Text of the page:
Common Names: Pomegranate
Latin Names: Punica granatum
- The pomegranate fruit has a leathery rind (or husk) with many little pockets of edible seeds and juice inside.
- Since ancient times, the pomegranate has been a symbol of fertility.
- Researchers have studied all parts of the pomegranate for their potential health benefits. Those parts include the fruit, seed, seed oil, tannin-rich peel, root, leaf, and flower.
- The pomegranate has been used as a dietary supplement for many conditions including wounds, heart conditions, intestinal problems, and as a gargle for a sore throat.
- Pomegranate is made into capsules, extracts, teas, powders, and juice products.
How Much Do We Know?
- We don’t have a lot of strong scientific evidence on the effects of pomegranate for people’s health.
What Have We Learned?
- A 2012 clinical trial of about 100 dialysis patients suggested that pomegranate juice may help ward off infections. In the study, the patients who were given pomegranate juice three times a week for a year had fewer hospitalizations for infections and fewer signs of inflammation, compared with patients who got the placebo.
- Pomegranate extract in mouthwash may help control dental plaque, according to a small 2011 clinical trial with 30 healthy participants.
- Pomegranate may help improve some signs of heart disease but the research isn’t definitive.
What Do We Know About Safety?
- Some people, particularly those with plant allergies, may be allergic to pomegranate.
- It’s unclear whether pomegranate interacts with the anticoagulant (blood thinning) medicine warfarin or drugs that work similarly in the body to warfarin.
- Federal agencies have taken action against companies selling pomegranate juice and supplements for deceptive advertising and making drug-like claims about the products.
Keep in Mind
- Tell all your health care providers about any complementary or integrative health approaches you use. Give them a full picture of what you do to manage your health. This will help ensure coordinated and safe care.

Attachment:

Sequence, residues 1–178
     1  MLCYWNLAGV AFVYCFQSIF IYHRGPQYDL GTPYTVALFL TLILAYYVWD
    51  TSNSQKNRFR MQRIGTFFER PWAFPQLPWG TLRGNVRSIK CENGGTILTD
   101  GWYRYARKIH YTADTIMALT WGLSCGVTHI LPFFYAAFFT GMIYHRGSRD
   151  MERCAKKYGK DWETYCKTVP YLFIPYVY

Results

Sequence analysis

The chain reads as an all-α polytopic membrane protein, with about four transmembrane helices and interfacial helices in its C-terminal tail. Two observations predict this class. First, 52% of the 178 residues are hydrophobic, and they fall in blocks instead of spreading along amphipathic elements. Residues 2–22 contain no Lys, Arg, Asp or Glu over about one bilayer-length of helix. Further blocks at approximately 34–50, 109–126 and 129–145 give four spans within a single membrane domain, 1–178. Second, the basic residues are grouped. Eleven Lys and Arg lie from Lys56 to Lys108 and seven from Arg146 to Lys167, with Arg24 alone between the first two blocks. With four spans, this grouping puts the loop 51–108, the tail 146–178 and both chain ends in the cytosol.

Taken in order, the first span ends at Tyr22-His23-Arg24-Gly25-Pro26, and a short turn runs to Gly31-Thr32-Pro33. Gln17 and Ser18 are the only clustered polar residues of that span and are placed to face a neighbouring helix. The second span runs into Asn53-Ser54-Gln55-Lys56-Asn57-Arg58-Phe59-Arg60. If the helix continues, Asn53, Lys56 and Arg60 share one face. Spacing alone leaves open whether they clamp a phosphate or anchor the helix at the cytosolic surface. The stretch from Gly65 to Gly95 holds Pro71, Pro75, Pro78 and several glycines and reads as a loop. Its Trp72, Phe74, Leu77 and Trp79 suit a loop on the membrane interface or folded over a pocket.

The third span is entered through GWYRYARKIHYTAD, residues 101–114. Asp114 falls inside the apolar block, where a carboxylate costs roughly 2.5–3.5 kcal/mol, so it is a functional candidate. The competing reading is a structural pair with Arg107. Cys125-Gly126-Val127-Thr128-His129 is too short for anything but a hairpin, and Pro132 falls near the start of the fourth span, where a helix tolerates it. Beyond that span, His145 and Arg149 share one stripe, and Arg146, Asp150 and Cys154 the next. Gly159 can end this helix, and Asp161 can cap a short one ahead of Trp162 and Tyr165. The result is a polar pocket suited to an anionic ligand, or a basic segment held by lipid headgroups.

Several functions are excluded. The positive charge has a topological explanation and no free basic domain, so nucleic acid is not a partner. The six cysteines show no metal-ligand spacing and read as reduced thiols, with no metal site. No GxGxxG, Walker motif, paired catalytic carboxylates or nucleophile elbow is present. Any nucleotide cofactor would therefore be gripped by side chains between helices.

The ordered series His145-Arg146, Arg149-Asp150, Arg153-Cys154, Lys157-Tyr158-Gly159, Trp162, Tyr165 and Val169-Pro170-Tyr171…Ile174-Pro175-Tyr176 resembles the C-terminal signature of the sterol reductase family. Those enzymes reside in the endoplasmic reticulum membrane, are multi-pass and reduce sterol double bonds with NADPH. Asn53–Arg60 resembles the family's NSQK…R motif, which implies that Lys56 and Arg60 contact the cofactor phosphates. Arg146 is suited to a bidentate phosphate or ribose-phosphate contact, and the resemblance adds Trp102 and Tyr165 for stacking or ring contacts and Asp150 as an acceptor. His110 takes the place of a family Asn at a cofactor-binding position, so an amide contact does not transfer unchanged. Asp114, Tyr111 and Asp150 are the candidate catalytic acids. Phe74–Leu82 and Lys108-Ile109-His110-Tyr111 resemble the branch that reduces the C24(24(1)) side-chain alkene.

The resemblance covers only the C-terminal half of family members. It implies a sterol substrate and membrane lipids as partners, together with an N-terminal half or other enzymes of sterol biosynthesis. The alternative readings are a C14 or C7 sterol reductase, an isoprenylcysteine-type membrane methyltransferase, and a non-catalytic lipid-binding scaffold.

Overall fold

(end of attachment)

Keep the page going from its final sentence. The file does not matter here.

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- Al-Zoreky N. Antimicrobial activity of pomegranate (Punica granatum) fruit peels. International Journal of Food Microbiology. 2009;134(3):244-248.
- Bhadbhade SJ, Acharya AB, Rodrigues SV, et al. The antiplaque efficacy of pomegranate mouthrinse. Quintessence International. 2011;42(1):29-36.
- Hanley MJ, Masse G, Harmatz JS, et al. Pomegranate juice and pomegranate extract do not impair oral clearance of flurbiprofen in human volunteers: divergence from in vitro results. Clinical Pharmacology & Therapeutics. 2012;92(5):651-657.
- Ismail T, Sestili P, Akhtar S. Pomegranate peel and fruit extracts: a review of potential anti-inflammatory and anti-infective effects. Journal of Ethnopharmacology. 2012;143(2):397-3405.
- Mirmiran P, Fazeli MR, Asghari G, et al. Effect of pomegranate seed oil on hyperlipidemic subjects: a double-blind placebo-controlled clinical trial. British Journal of Nutrition. 2010;104(3):402-406.
- Pomegranate. Natural Medicines Web site. Accessed at naturalmedicines.therapeuticresearch.com/ on June 4, 2015. [Database subscription].
- Shema-Didi L, Sela S, Ore L, et al. One year of pomegranate juice intake decreases oxidative stress, inflammation, and incidence of infections in hemodialysis patients: a randomized placebo-controlled trial. Free Radical Biology and Medicine. 2012;53(2):297-304.
- Southgate MT. The cover. Pomegranate jars. JAMA. 2007;297(8):781.
- Stowe CB. The effects of pomegranate juice consumption on blood pressure and cardiovascular health. Complementary Therapies in Clinical Practice. 2011;17(2):113-115.
- Syed DN, Afaq F, Mukhtar H. Pomegranate derived products for cancer chemoprevention. Seminars in Cancer Biology. 2007;17(5):377-385.
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